• On-base percentage (OBP):.500
  • Slugging percentage:.600 (minimum 2 at bats per game)
  • The prototypical Division I middle infield recruit can hit for a high average while also stealing a lot of bases and hitting for power on occasion. 

Division Two Middle Infielder

  • Height range: 5'8"–6'2"
  • Bodyweight: 165–190 lbs.
  • 60-yard dash: 6.9 seconds or less
  • Infield Velocity: MPH from SS in the low 80s and above
  • .550 OBP
  • Slugging percentage:.450 (minimum 2 at-bats per game) 

NAIA or Division 3 Middle Infielder 

  • 5'11" in height
  • Body weight: 170 lbs.
  • 60-yard dash time of 7.0 or less
  • Infield velocity: 78+ MPH from the second baseman
  • On-base percentage (OBP):.400
  • Slugging percentage:.500

Junior College Middle Infielder 

  • 5'10" in height
  • Body weight: 165 lbs.
  • 60-yard dash: 7.1 seconds or less
  • From SS, infield velocity is in the upper 70s MPH.
  • On-base percentage (OBP):.350
  • Slugging percentage:.450 

What characteristics do college baseball scouts look for in a center fielder? 

Division One Center Fielder 

  • Height range: 5'9"–6'2"
  • Bodyweight: 175–210 lbs.
  • Outfield velocity: 87–95+ MPH infield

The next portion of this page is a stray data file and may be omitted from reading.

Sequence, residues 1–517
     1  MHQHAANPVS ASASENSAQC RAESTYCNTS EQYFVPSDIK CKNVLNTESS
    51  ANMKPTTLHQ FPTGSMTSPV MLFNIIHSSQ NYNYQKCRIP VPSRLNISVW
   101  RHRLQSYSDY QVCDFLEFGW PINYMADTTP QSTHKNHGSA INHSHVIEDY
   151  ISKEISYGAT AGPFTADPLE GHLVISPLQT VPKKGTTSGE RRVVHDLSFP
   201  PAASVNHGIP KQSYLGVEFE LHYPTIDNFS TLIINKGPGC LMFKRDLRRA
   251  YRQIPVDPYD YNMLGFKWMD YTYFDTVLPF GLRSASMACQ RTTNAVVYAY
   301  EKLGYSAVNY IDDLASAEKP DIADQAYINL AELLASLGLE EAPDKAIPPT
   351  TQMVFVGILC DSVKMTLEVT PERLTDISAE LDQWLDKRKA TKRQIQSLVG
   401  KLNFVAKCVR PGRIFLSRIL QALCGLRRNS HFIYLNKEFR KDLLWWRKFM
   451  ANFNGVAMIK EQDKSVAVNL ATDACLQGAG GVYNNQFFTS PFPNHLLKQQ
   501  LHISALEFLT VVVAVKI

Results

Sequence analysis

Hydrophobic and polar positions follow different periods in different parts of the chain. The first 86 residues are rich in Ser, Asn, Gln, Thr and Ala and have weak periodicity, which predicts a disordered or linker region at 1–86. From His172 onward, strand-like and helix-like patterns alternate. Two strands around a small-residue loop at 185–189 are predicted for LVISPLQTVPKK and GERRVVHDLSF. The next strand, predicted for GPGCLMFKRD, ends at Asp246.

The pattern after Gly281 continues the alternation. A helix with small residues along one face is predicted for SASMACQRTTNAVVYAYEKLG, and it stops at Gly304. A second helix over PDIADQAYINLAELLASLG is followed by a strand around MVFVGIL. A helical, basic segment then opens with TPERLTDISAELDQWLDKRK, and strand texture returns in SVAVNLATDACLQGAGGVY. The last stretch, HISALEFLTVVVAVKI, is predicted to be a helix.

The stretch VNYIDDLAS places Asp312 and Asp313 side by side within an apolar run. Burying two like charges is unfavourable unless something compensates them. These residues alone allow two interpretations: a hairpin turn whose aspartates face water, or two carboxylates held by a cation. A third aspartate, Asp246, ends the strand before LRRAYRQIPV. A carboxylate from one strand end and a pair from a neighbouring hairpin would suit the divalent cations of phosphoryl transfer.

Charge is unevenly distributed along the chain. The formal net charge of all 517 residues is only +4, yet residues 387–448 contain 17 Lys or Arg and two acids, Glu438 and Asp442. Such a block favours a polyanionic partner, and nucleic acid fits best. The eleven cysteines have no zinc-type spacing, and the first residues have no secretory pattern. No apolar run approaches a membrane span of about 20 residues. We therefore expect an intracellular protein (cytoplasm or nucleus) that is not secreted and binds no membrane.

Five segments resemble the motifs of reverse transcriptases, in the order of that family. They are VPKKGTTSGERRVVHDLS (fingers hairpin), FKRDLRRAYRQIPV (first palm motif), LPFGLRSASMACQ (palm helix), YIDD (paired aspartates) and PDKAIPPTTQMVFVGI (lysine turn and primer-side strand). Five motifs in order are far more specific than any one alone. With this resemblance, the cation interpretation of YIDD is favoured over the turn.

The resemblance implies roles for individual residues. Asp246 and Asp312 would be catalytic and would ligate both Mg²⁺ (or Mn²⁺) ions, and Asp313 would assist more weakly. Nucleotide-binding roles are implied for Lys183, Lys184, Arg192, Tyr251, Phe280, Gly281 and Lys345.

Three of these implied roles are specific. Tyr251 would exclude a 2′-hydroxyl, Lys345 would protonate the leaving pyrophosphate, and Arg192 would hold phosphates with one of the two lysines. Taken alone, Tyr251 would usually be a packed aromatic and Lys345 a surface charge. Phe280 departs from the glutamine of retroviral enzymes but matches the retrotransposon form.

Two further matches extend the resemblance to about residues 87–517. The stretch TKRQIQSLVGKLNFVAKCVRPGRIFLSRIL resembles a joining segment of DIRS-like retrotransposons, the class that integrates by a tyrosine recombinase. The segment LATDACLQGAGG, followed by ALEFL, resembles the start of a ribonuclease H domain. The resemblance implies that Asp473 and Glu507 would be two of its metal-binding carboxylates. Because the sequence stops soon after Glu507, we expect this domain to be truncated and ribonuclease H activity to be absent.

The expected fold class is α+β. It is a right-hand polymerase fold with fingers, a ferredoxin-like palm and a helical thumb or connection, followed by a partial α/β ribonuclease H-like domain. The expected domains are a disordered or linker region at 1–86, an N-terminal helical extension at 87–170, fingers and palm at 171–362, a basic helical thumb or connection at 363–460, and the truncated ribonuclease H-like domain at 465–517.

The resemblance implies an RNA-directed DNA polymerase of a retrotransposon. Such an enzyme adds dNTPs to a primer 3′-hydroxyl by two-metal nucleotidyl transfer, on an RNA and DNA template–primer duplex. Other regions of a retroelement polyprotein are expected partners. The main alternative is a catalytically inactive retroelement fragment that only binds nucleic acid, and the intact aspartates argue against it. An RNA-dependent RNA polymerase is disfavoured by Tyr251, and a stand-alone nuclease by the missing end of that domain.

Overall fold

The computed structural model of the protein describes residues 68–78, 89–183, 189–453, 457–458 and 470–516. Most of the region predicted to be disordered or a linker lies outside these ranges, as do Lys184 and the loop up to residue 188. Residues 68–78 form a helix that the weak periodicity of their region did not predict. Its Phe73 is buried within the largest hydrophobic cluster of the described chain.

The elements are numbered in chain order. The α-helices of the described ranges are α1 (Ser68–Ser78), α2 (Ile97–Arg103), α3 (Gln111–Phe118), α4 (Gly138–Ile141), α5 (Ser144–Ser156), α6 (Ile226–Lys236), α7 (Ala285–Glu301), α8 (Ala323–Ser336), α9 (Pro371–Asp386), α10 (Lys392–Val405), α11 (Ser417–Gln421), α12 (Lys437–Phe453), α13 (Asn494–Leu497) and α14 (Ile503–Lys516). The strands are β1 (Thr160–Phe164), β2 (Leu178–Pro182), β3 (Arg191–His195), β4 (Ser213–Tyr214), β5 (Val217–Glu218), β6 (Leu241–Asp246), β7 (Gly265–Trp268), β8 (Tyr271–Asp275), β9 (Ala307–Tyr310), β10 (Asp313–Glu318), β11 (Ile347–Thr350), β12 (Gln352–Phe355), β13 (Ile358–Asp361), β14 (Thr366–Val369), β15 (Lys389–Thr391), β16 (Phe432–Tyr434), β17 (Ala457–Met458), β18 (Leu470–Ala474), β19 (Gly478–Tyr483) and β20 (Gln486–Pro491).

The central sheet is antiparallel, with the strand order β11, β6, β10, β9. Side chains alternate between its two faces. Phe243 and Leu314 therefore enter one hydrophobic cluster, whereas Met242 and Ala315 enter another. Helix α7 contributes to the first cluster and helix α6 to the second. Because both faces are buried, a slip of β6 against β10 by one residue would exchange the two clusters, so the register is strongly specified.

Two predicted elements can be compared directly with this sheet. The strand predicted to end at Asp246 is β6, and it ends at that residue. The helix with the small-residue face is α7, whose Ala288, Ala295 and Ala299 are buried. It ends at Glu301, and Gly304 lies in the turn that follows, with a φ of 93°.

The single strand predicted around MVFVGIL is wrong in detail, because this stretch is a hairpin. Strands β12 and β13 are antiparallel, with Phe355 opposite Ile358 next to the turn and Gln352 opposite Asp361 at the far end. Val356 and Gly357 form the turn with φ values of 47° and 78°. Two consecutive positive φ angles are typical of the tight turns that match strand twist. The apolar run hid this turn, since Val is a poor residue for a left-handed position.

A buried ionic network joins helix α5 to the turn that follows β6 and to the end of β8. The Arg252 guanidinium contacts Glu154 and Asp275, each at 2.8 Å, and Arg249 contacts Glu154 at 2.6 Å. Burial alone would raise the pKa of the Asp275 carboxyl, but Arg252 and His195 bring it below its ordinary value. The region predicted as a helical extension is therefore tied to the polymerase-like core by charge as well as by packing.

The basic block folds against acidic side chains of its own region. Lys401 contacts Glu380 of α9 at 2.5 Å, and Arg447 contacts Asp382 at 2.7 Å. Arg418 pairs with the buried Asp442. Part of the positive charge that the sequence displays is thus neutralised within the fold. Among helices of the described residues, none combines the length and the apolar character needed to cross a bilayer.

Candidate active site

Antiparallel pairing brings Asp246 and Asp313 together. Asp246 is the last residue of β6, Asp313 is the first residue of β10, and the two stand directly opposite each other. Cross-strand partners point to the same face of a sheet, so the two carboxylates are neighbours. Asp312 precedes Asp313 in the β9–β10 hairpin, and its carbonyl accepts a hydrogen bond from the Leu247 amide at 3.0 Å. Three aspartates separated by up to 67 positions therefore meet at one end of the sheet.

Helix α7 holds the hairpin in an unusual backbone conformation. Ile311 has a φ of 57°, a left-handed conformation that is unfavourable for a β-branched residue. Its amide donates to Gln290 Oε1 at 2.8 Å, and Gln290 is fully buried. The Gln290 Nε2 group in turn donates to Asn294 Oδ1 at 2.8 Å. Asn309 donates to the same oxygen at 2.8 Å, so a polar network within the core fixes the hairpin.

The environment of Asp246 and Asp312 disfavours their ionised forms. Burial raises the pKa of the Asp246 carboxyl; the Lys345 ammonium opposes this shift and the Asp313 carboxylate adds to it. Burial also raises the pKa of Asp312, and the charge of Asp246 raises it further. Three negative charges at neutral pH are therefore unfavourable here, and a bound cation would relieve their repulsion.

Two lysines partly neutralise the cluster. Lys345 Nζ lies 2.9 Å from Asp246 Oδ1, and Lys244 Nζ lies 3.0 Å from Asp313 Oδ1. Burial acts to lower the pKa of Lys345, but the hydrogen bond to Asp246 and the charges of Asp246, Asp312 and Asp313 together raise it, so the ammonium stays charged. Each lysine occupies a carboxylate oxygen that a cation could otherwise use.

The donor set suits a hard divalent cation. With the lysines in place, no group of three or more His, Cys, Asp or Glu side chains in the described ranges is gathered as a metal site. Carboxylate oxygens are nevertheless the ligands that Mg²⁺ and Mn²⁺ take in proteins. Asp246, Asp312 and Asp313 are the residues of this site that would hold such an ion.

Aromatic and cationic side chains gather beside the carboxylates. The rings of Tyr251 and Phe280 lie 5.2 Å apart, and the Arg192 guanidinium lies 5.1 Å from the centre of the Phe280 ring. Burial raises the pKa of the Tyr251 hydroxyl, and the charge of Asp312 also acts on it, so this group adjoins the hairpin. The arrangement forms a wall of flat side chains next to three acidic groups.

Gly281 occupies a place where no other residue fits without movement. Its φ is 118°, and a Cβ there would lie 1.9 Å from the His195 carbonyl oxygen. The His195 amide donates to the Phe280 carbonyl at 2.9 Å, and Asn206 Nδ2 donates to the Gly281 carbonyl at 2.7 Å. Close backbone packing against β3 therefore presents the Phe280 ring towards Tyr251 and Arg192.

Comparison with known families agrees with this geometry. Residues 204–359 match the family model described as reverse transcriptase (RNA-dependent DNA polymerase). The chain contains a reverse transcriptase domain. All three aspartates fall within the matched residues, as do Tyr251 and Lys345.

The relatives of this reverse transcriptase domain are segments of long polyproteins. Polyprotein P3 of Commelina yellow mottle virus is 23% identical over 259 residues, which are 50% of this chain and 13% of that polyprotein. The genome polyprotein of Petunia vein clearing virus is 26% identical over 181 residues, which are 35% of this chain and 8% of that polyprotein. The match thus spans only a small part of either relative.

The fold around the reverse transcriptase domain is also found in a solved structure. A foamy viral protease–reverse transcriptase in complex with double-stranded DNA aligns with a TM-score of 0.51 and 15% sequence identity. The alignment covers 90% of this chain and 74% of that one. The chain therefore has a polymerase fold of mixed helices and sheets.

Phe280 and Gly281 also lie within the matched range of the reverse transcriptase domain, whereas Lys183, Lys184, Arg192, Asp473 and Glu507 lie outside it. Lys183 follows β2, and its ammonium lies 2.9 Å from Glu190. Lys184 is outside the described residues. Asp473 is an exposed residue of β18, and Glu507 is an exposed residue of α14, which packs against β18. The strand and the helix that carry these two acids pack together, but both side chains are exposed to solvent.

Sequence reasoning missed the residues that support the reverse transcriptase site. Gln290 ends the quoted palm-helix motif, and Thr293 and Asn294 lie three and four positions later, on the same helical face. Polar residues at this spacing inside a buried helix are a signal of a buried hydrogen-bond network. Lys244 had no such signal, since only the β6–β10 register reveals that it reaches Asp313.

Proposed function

• 60-yard dash: less than 6.7
  • Outfield velocity: 87–95+ MPH infield
  • On-base percentage (OBP):.500
  • Slugging percentage:.600 (minimum 2 at-bats per game) 

Division Two Center Fielder

  • 5'11" in height
  • Bodyweight: 180 lbs.
  • 60-yard dash: less than 6.9
  • .450 OBP
  • SLG =.500 (minimum 2 at-bats per game)

NAIA or Division 3 Center Fielder

  • 5'11" in height
  • Bodyweight: 180 lbs.
  • 60-yard dash: 6.9 seconds or less
  • OF speed: 80+ MPH
  • On-base percentage (OBP):.400
  • Slugging percentage:.500

Junior College Center Fielder

  • 5'10" in height
  • Bodyweight: 170 lbs.
  • 60-yard dash time of 7.0 or less
  • OF speed: 78+ MPH
  • On-base percentage (OBP):.350
  • Slugging percentage:.450

What qualities do college baseball scouts seek in a corner outfielder 

Division One Outfielder

  • 5'11" in height
  • Bodyweight: 180 lbs.
  • 60-yard dash: less than 6.8
  • OF speed: 87+ MPH (verified by a neutral source)
  • Slugging: at least 5 home runs as a junior and senior in high school
  • .750% (minimum 2 at-bats per game)
  • On-base percentage (OBP):.500 

Division Two Outfielder

  • 5'11" in height
  • Bodyweight: 180 lbs.
  • 60-yard dash: less than 7.0
  • Velocity from the OF: at least in the low 80s, with the potential to improve
  • Slugging: Multiple HRs as a junior and senior in high school 

NAIA or Division 3 Outfielder 

  • 5'11" in height
  • Bodyweight: 180 lbs.
  • 60-yard dash: 6.9 seconds or less
  • OF speed: 80+ MPH
  • OB percentage:.400
  • Slugging percentage:.650 

Junior College Outfielder

  • 5'10" in height
  • Bodyweight: 170 lbs.
  • 60-yard dash time of 7.0 or less
  • OF speed: 78+ MPH